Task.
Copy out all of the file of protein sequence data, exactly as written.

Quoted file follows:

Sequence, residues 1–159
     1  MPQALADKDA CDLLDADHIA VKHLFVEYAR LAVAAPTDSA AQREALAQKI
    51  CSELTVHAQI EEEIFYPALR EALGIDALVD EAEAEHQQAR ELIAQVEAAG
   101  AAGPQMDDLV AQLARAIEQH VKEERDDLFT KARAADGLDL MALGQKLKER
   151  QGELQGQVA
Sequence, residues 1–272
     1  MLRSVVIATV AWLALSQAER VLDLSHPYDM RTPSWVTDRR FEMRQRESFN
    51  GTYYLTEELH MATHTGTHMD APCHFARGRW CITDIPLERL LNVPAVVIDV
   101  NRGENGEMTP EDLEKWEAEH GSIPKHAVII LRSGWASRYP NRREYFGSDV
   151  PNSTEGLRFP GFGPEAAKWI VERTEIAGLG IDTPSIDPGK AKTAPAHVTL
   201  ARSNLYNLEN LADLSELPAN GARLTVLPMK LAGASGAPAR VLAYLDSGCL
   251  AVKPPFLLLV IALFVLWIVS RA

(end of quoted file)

Sequence, residues 1–159
     1  MPQALADKDA CDLLDADHIA VKHLFVEYAR LAVAAPTDSA AQREALAQKI
    51  CSELTVHAQI EEEIFYPALR EALGIDALVD EAEAEHQQAR ELIAQVEAAG
   101  AAGPQMDDLV AQLARAIEQH VKEERDDLFT KARAADGLDL MALGQKLKER
   151  QGELQGQVA
Sequence, residues 1–272
     1  MLRSVVIATV AWLALSQAER VLDLSHPYDM RTPSWVTDRR FEMRQRESFN
    51  GTYYLTEELH MATHTGTHMD APCHFARGRW CITDIPLERL LNVPAVVIDV
   101  NRGENGEMTP EDLEKWEAEH GSIPKHAVII LRSGWASRYP NRREYFGSDV
   151  PNSTEGLRFP GFGPEAAKWI VERTEIAGLG IDTPSIDPGK AKTAPAHVTL
   201  ARSNLYNLEN LADLSELPAN GARLTVLPMK LAGASGAPAR VLAYLDSGCL
   251  AVKPPFLLLV IALFVLWIVS RA